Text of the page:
The setting for Michael Jones' first encounter with Keven Mealamu is Sturges Park, Otahuhu.
It's the late '90s. Jones, playing for his Waitemata club, has heard about Mealamu, a young flanker from South Auckland in his early stages at the Otahuhu premiers, and is intrigued.
Mealamu is about 18, so that makes Jones - by then the owner of a World Cup winners' medal and recognised as one of the best loose forwards the world has seen - in his early 30s. He is an experienced, but fair, campaigner capable of teaching opposition players a few home truths with a tackling technique as much about timing as it is power.
So, here he is about to give this Mealamu kid a lesson and, fortunately, for Jones, the kickoff goes straight to the little guy.
"I knew this was the kid they were starting to give some wraps about," Jones says. "I wanted to put in a big hit to put my stamp of authority over him - to make a statement that he was playing the big boys.
"He ran straight at me. I thought he was going to run into me to try to barge me over, so I propped to launch forward, and then, lo and behold, he did this Carlos Spencer sidestep.
"I couldn't believe it, I thought I had timed it quite well. He clean beat me and I ended up launching at fresh air and my face was in the mud. As far as my Waitemata teammates were concerned my name was mud too that day.
"That's when I thought, 'Man, this kid is something else.' It was down to his skill and speed that he beat me. That was my first encounter, and I had the privilege of playing with him when he came into the Auckland scene."
As the now 36-year-old Mealamu prepares to play his final game for the Blues on Friday night, it is easy to believe he has been around almost forever. Tomorrow's match against the Highlanders at Eden Park will be his 175th in 16 years of professional rugby.
But it's important to remember that when he came into the Auckland team in 1999 he had been a hooker for only one year and that the Sean Fitzpatrick legacy was as strong as ever, despite the former All Blacks skipper having been gone one full season.
"He had some big shoes to fill," Jones, now 50, says. "We were all Sean Fitzpatrick fans, obviously, because he was our captain, but he had moved out of the Auckland scene and Keven was all of a sudden the incumbent. But he made the transition into the hooker role so superbly and made it his own.
Mealamu made his Blues debut in 2000 but wasn't signed in 2002 by coach Peter Sloane, so he played for the Chiefs, and, fuelled by a desire to prove people wrong, played so well he made the All Blacks that year.
"Pound for pound he must be the most powerful player we've ever had," says Jones, who retired from professional rugby after Mealamu's first season at Auckland in 1999. "He's not small but as a hooker he's just a pocket dynamo."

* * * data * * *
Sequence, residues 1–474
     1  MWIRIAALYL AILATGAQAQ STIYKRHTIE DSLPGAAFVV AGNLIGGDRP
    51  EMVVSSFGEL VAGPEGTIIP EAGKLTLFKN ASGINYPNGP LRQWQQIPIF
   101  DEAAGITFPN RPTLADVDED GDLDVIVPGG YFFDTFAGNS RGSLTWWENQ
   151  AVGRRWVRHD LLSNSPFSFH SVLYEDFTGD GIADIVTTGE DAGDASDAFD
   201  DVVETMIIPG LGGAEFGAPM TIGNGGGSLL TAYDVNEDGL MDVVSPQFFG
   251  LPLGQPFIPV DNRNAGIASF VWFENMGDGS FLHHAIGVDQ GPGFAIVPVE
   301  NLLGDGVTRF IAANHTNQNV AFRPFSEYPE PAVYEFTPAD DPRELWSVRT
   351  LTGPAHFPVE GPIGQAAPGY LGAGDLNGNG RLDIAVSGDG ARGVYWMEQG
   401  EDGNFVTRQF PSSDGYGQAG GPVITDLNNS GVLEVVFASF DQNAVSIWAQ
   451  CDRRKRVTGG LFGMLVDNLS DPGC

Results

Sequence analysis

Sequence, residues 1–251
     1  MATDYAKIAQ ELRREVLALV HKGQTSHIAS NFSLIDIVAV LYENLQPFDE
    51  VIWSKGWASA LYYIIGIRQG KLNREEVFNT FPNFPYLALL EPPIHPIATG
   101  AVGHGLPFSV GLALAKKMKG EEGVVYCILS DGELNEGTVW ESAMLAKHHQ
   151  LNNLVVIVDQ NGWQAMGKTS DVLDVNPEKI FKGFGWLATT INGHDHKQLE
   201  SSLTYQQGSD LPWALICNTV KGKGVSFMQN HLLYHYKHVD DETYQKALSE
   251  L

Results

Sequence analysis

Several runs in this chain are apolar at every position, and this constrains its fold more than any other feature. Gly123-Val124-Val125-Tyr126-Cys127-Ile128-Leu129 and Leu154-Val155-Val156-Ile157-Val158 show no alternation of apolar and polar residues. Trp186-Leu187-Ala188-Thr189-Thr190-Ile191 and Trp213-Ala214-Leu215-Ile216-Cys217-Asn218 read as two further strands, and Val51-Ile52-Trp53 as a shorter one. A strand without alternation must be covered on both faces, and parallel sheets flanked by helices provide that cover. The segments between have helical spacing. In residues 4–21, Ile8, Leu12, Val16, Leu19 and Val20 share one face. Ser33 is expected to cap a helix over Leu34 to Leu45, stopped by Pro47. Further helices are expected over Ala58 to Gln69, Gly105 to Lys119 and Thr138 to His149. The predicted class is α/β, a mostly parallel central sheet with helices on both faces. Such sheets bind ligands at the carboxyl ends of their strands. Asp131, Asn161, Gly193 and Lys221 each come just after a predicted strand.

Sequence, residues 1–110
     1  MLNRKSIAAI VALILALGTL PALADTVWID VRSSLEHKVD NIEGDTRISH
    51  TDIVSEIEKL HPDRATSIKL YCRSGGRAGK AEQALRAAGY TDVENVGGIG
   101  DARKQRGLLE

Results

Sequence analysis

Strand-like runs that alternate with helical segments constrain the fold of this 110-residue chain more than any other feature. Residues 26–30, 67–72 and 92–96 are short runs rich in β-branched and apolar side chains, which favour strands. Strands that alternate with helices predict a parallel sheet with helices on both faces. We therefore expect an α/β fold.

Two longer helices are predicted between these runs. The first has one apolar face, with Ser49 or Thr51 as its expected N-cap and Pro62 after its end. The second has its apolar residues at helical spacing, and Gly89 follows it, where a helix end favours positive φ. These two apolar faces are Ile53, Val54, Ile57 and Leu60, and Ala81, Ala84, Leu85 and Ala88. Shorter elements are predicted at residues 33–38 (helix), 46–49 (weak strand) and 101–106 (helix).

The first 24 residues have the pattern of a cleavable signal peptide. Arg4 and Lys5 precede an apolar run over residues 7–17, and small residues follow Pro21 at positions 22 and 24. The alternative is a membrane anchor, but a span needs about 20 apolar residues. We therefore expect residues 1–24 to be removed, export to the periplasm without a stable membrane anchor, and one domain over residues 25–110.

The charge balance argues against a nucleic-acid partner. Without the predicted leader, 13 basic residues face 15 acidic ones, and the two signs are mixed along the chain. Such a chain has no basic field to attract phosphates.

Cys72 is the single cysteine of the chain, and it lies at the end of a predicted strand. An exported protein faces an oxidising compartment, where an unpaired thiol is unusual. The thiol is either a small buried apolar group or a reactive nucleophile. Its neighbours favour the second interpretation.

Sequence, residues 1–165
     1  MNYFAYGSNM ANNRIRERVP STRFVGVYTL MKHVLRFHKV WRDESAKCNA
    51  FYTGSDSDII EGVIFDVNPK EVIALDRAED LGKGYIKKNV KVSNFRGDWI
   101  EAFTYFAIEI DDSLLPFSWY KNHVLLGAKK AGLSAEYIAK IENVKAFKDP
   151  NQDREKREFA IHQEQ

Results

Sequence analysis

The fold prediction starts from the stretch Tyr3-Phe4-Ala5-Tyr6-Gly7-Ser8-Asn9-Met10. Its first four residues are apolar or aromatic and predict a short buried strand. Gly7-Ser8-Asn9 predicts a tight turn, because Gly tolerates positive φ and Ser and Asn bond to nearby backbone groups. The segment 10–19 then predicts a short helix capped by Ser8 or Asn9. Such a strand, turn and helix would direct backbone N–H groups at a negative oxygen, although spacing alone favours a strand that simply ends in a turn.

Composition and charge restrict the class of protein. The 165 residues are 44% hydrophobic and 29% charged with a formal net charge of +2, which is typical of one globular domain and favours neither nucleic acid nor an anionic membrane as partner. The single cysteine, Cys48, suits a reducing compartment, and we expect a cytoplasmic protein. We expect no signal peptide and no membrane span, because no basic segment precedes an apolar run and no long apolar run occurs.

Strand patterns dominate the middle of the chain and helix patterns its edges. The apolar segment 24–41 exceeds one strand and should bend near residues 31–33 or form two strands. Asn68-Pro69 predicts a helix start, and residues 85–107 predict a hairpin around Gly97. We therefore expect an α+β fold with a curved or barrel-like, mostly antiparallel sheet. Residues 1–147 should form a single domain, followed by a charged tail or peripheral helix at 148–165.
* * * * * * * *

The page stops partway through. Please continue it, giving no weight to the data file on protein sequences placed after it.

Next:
Jones described Mealamu as a cross between a midfielder and a flanker who turned himself into a hooker, and it is that willingness to not only change and learn but to put his body into potentially dangerous situations which impressed prop Craig Dowd.
"That takes courage - especially at hooker when your arms are pinned so if the scrum collapses you're going to do a face-plant," Dowd says.
"He had a fantastic attitude - in the mould of Michael Jones. He was very humble, willing to learn and very coachable.
"He had a never-say-die attitude and with the ball in hand he was just devastating."
Jones also paid tribute to Mealamu's leadership qualities - not only in rugby at all levels, but also in the community. Mealamu still retains links with his secondary school Aorere College and is regarded as a force for good in South Auckland.
"I bumped into him last Saturday - his son [Samuel] was playing for St Kents' and I was coaching my son [Niko] at St Peters' under-15s, so we had a hug and a good catch-up," Jones says. "I hadn't seen him for a while and we had the joy of watching our boys play.
"We're hugely proud of Keven in the Samoan and Pacific Island community. He epitomises the values that we hold dear - loyalty, faithfulness, respect, compassion, leadership. He's a quiet leader but he has mana because he walks the talk.
"In our community you're not really seen as a leader until you've served your community, served your family, served the organisations you represent, whether that's Auckland, the Blues, or the All Blacks. And he's just done it with such aplomb and class.
"He has been a role model for a generation of New Zealanders, but particularly Polynesians in South Auckland, West Auckland, Porirua, Linwood, wherever."
Mealamu, the little sidestepping Otahuhu loose forward who refused to give in and became a new breed of hooker, has left a lasting impression.